Derived term or conjugation/declension?
- I don’t think so. They are not conjugation forms, nor regular words, but hólǫ́ with various prefixes and suffixes that relate to it sort of like which relates to is. Although it is common to say "which is" in English, it doesn’t really merit a separate entry. —Stephen (Talk) 21:55, 25 November 2010 (UTC)
So they are not commonly used words deserving of their own entries? As they are spelled as single words, it would make it easier for people to look up terms if they had entries (or at least mentions in the root word's entry). Of course, German sticks a lot of words together and I guess Wiktionary doesn't try to have entries for all of the infinite combinations. 126.96.36.199 22:23, 25 November 2010 (UTC)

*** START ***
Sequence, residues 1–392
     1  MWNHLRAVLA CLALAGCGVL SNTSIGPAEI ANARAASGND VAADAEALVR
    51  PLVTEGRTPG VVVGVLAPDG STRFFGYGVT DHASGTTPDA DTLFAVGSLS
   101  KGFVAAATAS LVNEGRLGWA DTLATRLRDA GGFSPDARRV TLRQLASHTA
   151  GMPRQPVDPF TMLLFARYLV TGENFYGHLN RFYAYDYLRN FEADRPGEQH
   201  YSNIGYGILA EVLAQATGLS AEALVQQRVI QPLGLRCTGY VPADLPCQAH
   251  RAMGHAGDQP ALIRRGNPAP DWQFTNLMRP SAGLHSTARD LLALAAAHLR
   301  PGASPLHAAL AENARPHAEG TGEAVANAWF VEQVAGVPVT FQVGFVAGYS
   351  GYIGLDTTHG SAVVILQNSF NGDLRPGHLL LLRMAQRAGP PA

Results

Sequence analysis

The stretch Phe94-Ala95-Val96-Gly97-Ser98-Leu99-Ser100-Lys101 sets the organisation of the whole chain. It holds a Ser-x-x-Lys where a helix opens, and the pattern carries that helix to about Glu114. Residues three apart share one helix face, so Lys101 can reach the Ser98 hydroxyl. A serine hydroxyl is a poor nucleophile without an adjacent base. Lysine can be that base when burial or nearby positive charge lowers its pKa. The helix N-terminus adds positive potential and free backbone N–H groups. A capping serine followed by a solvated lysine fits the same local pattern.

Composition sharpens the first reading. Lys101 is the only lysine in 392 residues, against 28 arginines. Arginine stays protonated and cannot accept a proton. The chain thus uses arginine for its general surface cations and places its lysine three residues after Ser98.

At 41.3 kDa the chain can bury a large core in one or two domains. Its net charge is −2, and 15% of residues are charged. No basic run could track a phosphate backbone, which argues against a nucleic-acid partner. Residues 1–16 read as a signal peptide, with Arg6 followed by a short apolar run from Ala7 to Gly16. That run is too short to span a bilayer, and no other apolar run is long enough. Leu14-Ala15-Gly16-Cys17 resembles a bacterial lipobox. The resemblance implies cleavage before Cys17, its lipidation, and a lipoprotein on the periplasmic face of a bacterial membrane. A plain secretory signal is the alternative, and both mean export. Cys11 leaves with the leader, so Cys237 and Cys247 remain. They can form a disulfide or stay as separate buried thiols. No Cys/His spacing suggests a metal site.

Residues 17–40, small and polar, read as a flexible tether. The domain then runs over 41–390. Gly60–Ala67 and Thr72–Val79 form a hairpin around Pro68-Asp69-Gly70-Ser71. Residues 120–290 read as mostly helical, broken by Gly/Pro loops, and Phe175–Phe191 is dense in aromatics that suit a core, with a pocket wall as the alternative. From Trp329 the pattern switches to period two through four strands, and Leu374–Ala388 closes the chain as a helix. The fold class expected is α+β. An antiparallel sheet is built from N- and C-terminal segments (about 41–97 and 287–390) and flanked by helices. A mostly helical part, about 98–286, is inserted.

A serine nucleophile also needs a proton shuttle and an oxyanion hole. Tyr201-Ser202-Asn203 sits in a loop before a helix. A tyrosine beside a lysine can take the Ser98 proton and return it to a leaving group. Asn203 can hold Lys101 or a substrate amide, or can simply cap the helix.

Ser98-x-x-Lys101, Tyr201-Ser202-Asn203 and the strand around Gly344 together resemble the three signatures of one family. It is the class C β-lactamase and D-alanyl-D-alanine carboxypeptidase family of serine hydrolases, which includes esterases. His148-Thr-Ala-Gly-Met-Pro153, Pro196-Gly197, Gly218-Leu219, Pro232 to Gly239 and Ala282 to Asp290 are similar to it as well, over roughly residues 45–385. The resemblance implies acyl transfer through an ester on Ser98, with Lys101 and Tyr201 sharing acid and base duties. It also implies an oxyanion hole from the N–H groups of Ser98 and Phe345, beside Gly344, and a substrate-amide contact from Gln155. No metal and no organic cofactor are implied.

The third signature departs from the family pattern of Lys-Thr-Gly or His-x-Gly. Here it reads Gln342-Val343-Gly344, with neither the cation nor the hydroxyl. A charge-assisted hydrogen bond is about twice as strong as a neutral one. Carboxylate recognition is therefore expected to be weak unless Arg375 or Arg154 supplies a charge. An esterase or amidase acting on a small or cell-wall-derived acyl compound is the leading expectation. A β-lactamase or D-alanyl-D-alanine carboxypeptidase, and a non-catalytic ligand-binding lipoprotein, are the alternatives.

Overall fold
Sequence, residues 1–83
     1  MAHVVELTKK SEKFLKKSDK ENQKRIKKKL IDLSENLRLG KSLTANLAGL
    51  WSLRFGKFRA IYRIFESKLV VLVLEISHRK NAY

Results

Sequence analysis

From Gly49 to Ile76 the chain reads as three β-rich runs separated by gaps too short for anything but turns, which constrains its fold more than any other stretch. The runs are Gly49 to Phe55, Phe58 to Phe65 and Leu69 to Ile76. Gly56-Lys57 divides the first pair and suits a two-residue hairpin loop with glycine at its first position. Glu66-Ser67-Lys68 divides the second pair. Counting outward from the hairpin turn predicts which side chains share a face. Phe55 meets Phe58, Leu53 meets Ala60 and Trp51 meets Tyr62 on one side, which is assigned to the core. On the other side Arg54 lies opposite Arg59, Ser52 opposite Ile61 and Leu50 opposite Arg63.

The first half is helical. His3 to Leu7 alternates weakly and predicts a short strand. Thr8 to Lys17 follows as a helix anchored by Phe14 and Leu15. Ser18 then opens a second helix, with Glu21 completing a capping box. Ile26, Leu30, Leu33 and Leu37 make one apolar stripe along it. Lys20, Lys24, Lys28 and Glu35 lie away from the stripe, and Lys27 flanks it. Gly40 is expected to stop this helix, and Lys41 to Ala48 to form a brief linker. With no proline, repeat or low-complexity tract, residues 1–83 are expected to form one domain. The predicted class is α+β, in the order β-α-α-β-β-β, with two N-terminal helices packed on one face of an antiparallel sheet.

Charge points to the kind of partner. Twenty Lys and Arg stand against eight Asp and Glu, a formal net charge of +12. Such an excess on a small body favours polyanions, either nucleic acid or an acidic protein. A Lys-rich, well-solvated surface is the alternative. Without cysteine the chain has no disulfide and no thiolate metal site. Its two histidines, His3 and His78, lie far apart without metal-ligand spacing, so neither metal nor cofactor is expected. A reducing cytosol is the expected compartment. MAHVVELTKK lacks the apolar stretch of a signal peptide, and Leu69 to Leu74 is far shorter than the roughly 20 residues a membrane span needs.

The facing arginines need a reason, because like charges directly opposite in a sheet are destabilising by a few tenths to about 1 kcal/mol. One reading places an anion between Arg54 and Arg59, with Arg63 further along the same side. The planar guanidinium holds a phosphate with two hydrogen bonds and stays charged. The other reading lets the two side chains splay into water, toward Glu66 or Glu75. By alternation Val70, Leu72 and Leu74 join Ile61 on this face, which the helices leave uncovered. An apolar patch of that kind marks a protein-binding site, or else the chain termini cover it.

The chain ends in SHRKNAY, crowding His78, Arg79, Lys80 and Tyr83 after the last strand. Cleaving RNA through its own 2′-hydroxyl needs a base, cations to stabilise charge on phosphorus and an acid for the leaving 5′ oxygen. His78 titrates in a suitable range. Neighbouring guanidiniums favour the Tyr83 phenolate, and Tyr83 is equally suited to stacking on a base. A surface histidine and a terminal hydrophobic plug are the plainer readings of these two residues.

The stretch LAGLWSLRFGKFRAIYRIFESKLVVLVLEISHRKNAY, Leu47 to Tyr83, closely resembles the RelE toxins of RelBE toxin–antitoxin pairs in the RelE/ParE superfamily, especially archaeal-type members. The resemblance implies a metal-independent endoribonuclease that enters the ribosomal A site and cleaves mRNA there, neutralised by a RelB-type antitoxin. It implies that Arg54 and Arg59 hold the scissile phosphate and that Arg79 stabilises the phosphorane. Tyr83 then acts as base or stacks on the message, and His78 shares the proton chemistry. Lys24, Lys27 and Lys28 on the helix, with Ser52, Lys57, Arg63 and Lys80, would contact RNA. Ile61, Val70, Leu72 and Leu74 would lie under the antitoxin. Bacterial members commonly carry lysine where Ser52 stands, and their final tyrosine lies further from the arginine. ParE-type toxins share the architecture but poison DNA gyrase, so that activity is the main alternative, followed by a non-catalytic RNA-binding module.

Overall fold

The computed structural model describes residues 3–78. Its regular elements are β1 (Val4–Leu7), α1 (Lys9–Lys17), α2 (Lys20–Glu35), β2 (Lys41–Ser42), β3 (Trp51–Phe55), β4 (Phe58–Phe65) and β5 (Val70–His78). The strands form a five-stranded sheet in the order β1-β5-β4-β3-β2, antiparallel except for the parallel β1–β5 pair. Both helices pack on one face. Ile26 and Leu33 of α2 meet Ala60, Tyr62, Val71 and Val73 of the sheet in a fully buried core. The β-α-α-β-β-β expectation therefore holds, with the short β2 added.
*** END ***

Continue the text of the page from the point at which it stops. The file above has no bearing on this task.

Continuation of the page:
- Well...we do have an entry for the somewhat notable Donaudampfschiffahrtselektrizitätenhauptbetriebswerkbauunterbeamtengesellschaft. ;) 50 Xylophone Players talk 22:42, 25 November 2010 (UTC)
- They are common and spelled as single words, but they are not words in the English sense. Their meanings are difficult to describe except in context with other words. —Stephen (Talk) 22:48, 25 November 2010 (UTC)